By | 2020-07-16T10:01:01-07:00 July 16th, 2020|Dedman College of Humanities and Sciences, Dedman College Research, Economics, Faculty News|Comments Off on How the (Econometrics) Sausage is Made: Thoughts from Economics Professor Daniel Millimet

A local archaeologist wants you to understand how the field really works.

D Magazine Originally Posted: July 2020 Mark D. McCoy is a geospatial archaeologist and professor at SMU. Prior to our first meeting on campus, I had envisioned a dark office crowded with high-tech equipment and stacks of technical manuals. Instead, I walked into a light, airy space with a low-tech chalkboard and an approachable person who carries with him the sensibility of the sea. Raised in Delaware and educated in the States and New Zealand, McCoy focuses his efforts on Oceania. He has worked in the Hawaiian Islands, New Zealand, Pohnpei, and Palau. His new book, Maps for Time Travelers: How Archaeologists Use Technology to Bring Us Closer to the Past, is like the author: accessible. While the book takes on the esoteric subject of how [...]

By | 2020-07-13T06:26:52-07:00 July 13th, 2020|Anthropology, Dedman College of Humanities and Sciences, Dedman College Research, Faculty News|Comments Off on A local archaeologist wants you to understand how the field really works.

Predicting the outcome of the election is a fool’s errand — because of contingency

Washington Post Originally posted: July 6, 2020 We are living through the contingent moment to end all contingent moments. In early March, after a stunning turn of fortune, the presidential race seemed to crystallize. Either President Trump, whose approval ratings have always been low, would triumph due to the advantage of incumbency, a strong economy and an energized and devoted base of followers, or former vice president Joe Biden, who dominated Super Tuesday, would win as a kind of safe option for weary voters. Three months later, the election seems likely to be about the coronavirus pandemic and anti-racist uprisings — two huge events that were not on the political radar at the beginning of the year. But this isn’t as unusual as it seems. [...]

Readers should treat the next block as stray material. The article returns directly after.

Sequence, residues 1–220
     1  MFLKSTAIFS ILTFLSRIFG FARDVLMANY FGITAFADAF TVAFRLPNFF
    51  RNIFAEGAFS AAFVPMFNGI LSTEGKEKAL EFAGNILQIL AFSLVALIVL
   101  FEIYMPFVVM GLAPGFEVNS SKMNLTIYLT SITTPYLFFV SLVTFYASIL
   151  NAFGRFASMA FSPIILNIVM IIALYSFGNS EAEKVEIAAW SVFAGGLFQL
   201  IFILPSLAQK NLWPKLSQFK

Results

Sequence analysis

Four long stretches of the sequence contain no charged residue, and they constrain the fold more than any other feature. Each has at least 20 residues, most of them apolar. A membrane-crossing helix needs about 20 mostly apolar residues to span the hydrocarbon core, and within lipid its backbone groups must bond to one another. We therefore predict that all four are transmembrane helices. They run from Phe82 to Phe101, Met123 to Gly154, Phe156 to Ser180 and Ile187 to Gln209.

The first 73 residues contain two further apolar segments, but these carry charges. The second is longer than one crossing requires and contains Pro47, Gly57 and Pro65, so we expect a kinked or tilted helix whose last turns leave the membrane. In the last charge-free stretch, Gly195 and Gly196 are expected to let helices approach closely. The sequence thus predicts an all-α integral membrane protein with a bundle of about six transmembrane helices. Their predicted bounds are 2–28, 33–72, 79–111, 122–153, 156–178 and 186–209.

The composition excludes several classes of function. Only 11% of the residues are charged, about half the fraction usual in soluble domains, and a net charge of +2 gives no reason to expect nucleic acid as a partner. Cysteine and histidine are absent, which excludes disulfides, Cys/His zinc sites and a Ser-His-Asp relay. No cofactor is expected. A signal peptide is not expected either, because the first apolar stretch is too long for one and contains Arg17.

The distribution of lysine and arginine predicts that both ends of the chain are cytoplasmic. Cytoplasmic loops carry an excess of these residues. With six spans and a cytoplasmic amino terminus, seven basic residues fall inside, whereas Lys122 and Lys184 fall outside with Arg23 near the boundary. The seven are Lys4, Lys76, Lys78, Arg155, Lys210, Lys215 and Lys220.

By | 2020-07-13T08:23:15-07:00 July 6th, 2020|Dedman College of Humanities and Sciences, Dedman College Research, Faculty News, SW Center|Comments Off on Predicting the outcome of the election is a fool’s errand — because of contingency

When memory and justice fail us

The Hill Originally Post: June 20, 2020 Holly Bowen is an assistant professor in the Department of Psychology at SMU Dallas where she teaches and directs research on topics including memory, emotion, motivation and aging. Think back to the last time you went on a mission to stock up on supplies due to COVID-19. What route did you take around the store? Can you describe the employee who bagged your groceries? What was the make and model of the car parked next to you? It’s likely this memory is difficult to retrieve and the details surrounding it have faded. After all, this was a stressful and uncertain time and your focus might have been elsewhere. It was some time ago and you have probably forgotten. Now, [...]

By | 2020-06-22T06:15:23-07:00 June 22nd, 2020|Dedman College of Humanities and Sciences, Dedman College Research, Faculty News, Psychology|Comments Off on When memory and justice fail us

Activism usually linked to urban centers finds a voice in the frustrations of rapidly changing communities.